@Tbayer (WMF), I just read your comment at phab:T200794. It looks like making these banners more visible increased the number of people reading them during the four-week study, but it decreased the number of people editing the article by ~5% at the English Wikipedia.
Will you be watching this long-term? It is not unusual with a UI change for everyone to click on it once or twice to figure out what it is, and then to ignore it afterwards. Consider, e.g, Facebook when added links to Wikipedia articles about the newspapers to their news feed. Everyone expected a spike in page views, but my spot check indicates that the October 2018 page views for those articles seem to be the same (or even slightly lower) as the October 2017 page views. The spike came – and went.
So what we've got now is a ~4x increase in reading the banner, when the banner was newly visible, but will that increased rate be sustained, or is that a temporary spike that appeared and then left?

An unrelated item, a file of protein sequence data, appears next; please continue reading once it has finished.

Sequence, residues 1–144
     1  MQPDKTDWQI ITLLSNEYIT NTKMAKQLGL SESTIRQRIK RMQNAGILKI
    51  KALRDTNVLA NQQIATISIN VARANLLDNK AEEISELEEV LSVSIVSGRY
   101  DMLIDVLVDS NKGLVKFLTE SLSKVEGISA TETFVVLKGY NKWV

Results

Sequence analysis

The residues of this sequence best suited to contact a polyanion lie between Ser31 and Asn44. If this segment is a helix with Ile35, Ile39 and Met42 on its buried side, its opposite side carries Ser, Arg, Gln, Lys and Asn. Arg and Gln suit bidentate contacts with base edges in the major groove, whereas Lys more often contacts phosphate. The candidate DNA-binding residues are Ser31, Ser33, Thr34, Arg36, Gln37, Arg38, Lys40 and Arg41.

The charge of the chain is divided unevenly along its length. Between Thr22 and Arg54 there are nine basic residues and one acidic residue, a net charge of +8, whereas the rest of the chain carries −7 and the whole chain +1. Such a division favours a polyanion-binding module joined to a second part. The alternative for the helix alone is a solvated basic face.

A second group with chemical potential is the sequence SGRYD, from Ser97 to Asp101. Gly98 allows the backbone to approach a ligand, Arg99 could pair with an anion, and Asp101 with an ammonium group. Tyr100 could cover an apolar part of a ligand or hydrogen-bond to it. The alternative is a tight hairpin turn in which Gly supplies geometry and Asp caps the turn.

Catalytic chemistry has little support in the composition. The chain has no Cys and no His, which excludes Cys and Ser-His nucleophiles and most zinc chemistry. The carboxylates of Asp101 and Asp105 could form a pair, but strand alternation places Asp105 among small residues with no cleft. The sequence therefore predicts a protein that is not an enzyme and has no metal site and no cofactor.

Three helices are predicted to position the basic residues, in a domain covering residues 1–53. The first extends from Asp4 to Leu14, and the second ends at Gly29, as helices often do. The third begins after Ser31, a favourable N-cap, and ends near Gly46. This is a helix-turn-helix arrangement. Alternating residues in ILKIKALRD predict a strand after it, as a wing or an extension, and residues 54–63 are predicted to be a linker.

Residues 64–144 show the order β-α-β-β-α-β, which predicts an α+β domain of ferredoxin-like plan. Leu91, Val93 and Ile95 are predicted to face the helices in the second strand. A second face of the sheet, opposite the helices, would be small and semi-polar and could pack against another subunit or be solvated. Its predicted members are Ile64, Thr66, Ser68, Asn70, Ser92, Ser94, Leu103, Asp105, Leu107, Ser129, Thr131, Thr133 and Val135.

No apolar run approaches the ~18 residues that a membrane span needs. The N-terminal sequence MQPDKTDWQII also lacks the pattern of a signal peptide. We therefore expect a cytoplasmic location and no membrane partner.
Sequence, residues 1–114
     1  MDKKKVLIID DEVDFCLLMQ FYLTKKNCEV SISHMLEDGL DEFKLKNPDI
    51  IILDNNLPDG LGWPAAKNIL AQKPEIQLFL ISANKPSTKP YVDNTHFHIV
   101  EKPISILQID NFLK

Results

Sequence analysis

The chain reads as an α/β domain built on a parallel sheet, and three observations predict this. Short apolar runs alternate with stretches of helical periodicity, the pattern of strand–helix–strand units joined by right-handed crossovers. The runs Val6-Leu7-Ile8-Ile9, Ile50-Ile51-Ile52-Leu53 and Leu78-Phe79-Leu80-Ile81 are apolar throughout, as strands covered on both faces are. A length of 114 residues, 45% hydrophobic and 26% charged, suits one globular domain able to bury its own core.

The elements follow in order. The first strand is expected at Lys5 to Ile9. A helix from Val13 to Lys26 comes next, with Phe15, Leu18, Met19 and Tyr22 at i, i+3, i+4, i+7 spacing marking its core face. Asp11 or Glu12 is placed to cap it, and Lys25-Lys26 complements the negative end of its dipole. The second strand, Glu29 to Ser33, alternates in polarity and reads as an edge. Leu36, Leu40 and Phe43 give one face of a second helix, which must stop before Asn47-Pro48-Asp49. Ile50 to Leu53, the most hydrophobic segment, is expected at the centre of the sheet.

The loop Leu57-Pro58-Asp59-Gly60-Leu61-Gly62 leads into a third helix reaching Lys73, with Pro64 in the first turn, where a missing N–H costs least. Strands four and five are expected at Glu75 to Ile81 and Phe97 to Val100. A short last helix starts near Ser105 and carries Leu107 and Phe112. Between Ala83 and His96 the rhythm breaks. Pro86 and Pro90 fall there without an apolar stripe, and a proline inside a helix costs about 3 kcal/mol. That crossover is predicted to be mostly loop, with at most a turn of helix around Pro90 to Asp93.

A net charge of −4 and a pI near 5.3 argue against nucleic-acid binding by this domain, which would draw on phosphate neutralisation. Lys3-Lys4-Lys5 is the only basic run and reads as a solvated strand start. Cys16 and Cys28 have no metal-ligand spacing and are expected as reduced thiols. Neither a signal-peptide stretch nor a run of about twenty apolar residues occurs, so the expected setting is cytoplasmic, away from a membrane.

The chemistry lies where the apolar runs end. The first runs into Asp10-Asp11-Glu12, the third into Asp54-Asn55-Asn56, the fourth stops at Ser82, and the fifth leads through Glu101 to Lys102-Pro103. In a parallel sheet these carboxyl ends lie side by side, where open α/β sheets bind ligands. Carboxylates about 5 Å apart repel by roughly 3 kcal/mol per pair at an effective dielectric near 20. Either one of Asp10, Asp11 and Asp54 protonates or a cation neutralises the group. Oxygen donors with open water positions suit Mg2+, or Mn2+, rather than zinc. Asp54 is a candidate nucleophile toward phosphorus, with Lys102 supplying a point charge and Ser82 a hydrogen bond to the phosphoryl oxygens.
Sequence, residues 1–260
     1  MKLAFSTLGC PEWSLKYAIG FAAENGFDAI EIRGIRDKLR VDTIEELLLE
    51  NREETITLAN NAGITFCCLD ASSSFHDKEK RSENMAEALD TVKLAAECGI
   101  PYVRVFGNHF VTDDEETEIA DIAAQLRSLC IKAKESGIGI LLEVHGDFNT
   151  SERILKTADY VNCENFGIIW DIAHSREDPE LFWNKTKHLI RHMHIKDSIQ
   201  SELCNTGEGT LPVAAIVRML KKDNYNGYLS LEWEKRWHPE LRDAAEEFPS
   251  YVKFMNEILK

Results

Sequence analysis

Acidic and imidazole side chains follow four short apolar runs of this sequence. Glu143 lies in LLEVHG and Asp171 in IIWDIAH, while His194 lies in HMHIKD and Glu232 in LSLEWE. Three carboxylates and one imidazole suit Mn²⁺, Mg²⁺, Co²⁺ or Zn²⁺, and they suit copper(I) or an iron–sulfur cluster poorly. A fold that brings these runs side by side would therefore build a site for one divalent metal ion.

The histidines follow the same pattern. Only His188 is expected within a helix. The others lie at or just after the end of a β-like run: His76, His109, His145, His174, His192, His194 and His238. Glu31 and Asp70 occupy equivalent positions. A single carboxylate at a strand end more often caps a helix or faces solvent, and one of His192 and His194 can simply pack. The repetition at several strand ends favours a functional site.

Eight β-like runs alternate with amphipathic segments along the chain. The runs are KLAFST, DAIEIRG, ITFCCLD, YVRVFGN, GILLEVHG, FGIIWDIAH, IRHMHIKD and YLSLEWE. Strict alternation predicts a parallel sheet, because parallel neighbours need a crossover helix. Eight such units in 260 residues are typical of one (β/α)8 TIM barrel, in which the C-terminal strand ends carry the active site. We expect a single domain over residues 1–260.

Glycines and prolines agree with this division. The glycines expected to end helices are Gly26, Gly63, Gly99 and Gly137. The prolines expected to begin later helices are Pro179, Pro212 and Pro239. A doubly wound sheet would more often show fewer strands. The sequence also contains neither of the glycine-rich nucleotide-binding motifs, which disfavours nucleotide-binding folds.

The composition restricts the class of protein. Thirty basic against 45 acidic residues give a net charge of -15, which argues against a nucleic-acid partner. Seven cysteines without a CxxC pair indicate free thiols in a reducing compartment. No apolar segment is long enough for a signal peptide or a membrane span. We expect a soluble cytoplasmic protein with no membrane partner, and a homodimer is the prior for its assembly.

This matters. The communities could decide that 5% fewer edits is okay, if 1% of readers are getting more information about how Wikipedia works. That could be a lose-win combination that we decide to accept as a tradeoff.
But if that 1% drops back down to the previous miniscule level, then we're left with (1) fewer editors, (2) no additional information, *and* (3) a more cluttered interface. That sounds like a lose-lose-lose result.
 It is not hard to hypothesize a mechanism for this: "Oh, look, they already know about this problem. I don't need to fix it, then."